With one meeting as a newly appointed Minneapolis school board member behind him, Mohamud Noor now is hoping to wrest a legislative seat away from a formidable incumbent,

Noor announced Sunday at Coyle Community Center that he's seeking DFL endorsement for the seat  held by state Rep. Phyllis Kahn, now in her 22nd term.

"The community is looking for someone to lead them in the right direction," Noor said, citing education, employment, services for the mentally disabled and youth issues as his focus. "My campaign will be focused on equity issues."

Noor, 36, was sworn onto the school board on Dec. 10, after its members voted him the successor to the late Hussein Samatar in District 3. But he said Monday that a legislative post would give him a platform to address issues beyond education. He said he's resigned effective Jan. 7 his job an an information technology management for the state Department of Human Services.

Many have tried to unseat Kahn, 76, through her career but her closest call came in a multiple ballot endorsing convention years ago. Opponents typically poll in the range of 30 to 40 percent against her, she said. She's entering her 42nd year in the Legislature, tied for first in seniority among current members, and tied for fifth all-time.

Noor's entry means that the Somali electoral juggernaut that swept Abdi Warsame onto the City Council in November faces a big test. 

"I never take anything for granted," she said. "I'm very pleased with the strong support I've seen from the Somali community."   She tweeted photos of herself, also at the Coyle Center with Warsame, Somali elders and the Cedar Riverside youth council.

But Noor said, "I think the community is looking for new leadership.  I'm confident they will rally behind me." He said he'll keep working in the community during the campaign. He is executive director of the Confederation of Somali Community in Minnesota, which is based at Coyle.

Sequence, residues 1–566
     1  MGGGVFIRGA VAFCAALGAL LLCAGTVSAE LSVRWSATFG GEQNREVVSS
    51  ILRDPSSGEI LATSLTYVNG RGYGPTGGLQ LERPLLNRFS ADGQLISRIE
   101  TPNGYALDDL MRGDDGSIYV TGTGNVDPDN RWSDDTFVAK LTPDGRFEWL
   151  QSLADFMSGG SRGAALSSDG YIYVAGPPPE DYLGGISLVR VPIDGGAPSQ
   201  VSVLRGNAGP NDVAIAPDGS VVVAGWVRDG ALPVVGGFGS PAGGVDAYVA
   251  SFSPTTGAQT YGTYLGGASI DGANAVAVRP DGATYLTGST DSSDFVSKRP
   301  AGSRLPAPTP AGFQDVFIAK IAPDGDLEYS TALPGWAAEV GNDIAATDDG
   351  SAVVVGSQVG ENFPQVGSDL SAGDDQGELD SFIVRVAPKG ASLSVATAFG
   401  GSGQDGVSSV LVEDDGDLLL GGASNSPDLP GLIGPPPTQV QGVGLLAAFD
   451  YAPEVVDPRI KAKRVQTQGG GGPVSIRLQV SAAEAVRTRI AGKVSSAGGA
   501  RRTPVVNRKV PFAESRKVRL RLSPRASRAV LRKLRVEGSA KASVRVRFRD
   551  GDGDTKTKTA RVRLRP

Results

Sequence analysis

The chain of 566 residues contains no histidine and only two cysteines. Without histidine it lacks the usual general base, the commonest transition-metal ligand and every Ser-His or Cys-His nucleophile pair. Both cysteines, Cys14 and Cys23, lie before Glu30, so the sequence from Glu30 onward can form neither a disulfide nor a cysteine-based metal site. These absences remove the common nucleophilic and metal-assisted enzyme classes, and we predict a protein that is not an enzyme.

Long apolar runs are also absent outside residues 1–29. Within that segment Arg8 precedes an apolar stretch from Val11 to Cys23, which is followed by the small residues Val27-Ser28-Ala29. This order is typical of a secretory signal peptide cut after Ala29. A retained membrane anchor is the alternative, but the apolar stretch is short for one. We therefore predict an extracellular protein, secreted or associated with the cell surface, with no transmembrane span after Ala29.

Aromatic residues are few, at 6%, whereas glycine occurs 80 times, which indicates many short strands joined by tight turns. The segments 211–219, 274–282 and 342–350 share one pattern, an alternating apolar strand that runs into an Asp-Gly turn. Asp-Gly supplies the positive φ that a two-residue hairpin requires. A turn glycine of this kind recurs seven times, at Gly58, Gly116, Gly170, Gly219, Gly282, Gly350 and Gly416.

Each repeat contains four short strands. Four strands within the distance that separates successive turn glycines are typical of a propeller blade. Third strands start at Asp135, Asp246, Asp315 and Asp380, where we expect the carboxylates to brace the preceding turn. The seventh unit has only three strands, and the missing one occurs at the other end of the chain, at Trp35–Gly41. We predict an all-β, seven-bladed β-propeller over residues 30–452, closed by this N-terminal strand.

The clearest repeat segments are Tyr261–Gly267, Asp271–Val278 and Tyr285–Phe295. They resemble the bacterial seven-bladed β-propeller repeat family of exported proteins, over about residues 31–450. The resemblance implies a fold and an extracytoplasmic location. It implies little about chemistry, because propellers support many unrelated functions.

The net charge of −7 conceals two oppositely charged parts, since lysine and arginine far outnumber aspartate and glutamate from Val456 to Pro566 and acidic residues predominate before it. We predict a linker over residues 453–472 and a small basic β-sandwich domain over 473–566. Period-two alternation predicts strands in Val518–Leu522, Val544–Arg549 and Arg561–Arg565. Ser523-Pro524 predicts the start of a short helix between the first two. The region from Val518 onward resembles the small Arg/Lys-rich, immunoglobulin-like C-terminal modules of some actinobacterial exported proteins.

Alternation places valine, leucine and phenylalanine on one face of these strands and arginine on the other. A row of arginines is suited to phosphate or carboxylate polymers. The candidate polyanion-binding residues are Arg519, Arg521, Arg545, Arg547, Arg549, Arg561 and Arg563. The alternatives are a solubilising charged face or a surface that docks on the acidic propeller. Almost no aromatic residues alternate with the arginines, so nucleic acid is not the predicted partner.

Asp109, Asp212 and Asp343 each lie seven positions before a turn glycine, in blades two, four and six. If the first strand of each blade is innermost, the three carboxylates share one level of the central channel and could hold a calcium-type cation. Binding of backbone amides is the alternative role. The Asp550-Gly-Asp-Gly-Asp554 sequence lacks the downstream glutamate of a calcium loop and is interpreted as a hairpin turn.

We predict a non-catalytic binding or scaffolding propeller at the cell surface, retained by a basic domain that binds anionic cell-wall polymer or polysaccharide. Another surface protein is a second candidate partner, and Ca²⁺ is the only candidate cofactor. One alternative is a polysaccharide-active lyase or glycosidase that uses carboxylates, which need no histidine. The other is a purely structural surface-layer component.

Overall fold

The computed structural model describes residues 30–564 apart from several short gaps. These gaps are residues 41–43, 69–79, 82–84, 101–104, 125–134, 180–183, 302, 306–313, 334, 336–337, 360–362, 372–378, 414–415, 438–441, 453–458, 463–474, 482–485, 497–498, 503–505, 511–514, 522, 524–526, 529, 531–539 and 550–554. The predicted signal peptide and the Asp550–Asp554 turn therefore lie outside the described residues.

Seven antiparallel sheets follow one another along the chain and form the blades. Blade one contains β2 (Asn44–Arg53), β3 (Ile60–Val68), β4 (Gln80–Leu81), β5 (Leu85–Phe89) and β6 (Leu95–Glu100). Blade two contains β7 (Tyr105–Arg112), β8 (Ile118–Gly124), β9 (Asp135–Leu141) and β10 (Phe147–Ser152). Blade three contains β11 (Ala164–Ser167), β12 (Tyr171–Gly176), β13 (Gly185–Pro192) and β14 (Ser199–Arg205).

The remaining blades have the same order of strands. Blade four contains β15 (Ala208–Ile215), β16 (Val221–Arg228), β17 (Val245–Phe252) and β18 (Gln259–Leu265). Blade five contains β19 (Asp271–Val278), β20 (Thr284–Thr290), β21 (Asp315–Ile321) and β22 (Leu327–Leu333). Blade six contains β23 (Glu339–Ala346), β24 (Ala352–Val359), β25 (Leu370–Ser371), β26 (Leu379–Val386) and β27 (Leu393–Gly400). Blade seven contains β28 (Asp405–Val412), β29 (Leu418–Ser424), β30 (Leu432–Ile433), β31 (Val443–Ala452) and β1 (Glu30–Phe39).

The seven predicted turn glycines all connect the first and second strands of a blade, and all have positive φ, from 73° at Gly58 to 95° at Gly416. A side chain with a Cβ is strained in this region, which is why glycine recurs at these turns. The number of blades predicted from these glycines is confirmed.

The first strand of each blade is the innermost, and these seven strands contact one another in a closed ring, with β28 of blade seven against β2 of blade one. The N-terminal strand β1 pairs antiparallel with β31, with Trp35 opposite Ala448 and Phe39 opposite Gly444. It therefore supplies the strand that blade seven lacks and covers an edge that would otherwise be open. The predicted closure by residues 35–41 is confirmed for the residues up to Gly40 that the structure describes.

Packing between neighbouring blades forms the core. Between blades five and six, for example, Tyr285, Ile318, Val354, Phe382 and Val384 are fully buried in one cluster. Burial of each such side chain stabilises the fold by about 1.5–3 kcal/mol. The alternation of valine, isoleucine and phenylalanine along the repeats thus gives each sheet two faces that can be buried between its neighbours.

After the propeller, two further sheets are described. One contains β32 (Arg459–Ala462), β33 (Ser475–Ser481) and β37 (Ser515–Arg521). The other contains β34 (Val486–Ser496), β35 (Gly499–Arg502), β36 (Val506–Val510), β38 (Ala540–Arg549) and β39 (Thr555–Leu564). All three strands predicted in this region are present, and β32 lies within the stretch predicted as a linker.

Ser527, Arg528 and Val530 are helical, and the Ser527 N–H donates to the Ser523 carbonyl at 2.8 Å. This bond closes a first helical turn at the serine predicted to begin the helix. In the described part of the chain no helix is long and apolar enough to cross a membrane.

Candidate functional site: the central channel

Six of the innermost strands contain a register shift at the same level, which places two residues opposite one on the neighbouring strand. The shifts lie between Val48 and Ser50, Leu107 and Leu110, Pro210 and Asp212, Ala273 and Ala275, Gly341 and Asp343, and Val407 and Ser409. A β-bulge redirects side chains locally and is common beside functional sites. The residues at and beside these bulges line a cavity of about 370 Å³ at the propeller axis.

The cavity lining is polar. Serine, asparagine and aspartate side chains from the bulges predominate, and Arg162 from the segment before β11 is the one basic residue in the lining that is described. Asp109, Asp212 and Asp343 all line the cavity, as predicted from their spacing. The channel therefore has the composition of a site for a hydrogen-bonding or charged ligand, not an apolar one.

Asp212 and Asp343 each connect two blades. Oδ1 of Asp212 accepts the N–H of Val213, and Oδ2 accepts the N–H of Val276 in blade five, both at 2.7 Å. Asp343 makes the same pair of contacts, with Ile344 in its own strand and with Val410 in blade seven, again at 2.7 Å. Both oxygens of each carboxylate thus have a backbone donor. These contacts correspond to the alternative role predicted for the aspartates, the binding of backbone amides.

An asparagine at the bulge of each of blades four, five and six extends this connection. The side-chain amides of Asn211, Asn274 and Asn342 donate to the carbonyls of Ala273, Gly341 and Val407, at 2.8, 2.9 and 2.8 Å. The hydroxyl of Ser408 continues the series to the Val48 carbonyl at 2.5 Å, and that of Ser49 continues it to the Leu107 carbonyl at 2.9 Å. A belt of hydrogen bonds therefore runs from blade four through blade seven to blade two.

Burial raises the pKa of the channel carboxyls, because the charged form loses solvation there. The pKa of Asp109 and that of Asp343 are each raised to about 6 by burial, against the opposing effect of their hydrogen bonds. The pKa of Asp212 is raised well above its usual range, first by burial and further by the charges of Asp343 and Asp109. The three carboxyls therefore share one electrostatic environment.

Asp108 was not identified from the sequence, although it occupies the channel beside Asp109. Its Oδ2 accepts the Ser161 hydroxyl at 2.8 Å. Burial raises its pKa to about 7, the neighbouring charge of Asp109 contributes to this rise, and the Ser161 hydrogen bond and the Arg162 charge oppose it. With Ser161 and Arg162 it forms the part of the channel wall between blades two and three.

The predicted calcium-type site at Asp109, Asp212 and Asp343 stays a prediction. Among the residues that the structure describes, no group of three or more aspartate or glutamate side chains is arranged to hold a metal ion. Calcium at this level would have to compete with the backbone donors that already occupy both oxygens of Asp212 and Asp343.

Kahn supported Warsame in the last election. The contest has echoes of a last fall's Third Ward council election, in which another challenger in his 30s, Jacob Frey, ousted Diane Hostede, who similarly was old enough to be his challenger's mother. Kahn supported Hofstede. That challenge hinged on Hofstede's responsiveness and competence, but a challenge against Kahn is likely to focus on whether she still has fresh ideas, something she claims.

She's also making the case that her seniority, including chairing the House committee overseeing Legacy Amendment money, and her long experience on appropriations panels, give her an effectiveness advantage over Noor, who would need years to build seniority.

Kahn also notes Noor's residency switches.  He lived in northeast Minneapolis until early October, when he moved into a room in Cedar-Riverside, to gain eligibility for the school board seat. He said recently that he hopes to close soon on permanent housing that lies within both districts.  Kahn was elected from Prospect Park, and now lives on Nicollet Island.

District 60B takes in much of southeast Minneapolis, plus Cedar-Riverside plus part of the Seward neighborhood. 

Kahn holds a doctorate in biophysics and worked as a University of Minnesota researcher before she was elected.  She is best known for the Clean Indoor Air Act, which limits smoking in public places. She also lists legislative focus in public pensions, science and technology, information policy, natural resources and women's rights.